Stellate ganglion block is an injection that can temporarily relieve some types of chronic pain in the head, neck, upper arms, and upper chest. People with complex regional pain syndrome, postherpetic neuralgia, and phantom limb pain may benefit from a stellate ganglion block.
What does it involve?
Stellate ganglion block is an outpatient procedure.
The stellate ganglion is a collection of nerves in your neck, on either side of your larynx (voice box). A stellate ganglion block targets these nerves, preventing pain signals from these nerves from reaching your brain.
Before receiving a stellate ganglion block, you may receive sedating medication by intravenous (IV) infusion. Your neck will be numbed with local anesthetic. Then the doctor will inject anesthetic into the stellate ganglion.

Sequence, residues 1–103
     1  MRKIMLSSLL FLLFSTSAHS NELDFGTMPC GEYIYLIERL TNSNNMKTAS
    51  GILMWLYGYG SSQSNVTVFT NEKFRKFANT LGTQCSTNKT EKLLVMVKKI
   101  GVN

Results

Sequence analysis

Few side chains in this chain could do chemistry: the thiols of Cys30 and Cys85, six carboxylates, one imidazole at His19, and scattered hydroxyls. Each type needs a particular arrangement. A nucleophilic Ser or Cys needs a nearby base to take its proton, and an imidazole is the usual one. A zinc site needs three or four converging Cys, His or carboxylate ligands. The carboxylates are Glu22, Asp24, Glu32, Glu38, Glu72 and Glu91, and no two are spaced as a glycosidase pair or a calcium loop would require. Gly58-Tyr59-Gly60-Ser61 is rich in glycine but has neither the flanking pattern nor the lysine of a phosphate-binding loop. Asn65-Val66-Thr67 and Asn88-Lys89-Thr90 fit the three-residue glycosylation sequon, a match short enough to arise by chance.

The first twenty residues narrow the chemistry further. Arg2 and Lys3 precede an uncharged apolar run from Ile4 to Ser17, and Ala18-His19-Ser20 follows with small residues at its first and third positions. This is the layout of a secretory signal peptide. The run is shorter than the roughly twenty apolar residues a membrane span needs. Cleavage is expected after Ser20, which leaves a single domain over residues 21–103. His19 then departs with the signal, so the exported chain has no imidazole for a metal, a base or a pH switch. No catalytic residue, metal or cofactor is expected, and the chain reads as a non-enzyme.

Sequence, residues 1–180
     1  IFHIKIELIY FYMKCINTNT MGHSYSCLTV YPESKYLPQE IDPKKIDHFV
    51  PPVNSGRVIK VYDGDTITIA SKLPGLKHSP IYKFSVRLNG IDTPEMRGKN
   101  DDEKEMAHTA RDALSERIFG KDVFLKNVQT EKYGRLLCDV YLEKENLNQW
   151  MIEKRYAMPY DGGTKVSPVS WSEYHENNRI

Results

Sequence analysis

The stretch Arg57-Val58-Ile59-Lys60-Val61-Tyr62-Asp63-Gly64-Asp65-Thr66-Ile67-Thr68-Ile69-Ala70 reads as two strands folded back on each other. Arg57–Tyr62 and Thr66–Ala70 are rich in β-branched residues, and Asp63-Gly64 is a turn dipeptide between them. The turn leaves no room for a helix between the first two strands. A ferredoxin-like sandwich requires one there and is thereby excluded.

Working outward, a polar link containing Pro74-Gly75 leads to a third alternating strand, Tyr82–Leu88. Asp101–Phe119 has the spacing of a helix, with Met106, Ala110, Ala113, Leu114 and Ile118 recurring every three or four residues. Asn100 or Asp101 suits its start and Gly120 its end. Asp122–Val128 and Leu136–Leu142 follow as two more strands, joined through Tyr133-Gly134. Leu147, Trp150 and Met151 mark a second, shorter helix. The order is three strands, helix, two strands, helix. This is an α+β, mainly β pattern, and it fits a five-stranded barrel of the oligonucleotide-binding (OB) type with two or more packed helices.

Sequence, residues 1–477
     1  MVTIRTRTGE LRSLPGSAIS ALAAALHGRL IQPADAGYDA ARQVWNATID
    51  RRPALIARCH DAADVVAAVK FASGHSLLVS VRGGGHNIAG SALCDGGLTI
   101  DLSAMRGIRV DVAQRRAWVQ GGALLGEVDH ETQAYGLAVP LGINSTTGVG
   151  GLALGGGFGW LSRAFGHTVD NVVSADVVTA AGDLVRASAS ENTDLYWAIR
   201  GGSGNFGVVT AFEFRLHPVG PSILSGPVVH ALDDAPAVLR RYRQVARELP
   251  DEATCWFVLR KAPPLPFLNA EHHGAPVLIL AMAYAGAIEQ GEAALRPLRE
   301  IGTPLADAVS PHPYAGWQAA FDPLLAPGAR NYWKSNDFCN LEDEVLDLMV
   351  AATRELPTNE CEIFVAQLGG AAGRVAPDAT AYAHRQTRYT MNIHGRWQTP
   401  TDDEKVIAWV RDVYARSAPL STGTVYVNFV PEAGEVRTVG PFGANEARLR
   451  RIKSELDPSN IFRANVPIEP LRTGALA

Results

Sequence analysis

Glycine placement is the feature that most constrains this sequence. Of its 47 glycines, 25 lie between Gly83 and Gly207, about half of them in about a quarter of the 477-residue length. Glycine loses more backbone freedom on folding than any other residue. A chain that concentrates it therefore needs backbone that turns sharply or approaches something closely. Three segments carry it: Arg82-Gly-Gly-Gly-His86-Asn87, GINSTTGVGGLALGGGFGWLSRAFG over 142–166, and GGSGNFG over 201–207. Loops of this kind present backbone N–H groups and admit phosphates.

After a stellate ganglion block, you can begin a program of physical therapy[LINK] to promote long-term pain relief.
You can leave the office after receiving the stellate ganglion block. You should rest that day, and you can resume normal activity the following day.
A successful stellate ganglion block may provide days or weeks of pain relief.
A stellate ganglion block may not be successful at reducing pain.
You may require a series of stellate ganglion block injections before you experience pain relief.
Pain relief from a stellate ganglion block is temporary.
Stellate ganglion block may cause temporary side effects including hoarse voice, drooping eyelids, bloodshot eyes, stuffy nose, “lump” sensation in the throat, warmth or tingling in the arm or hand, and difficulty swallowing.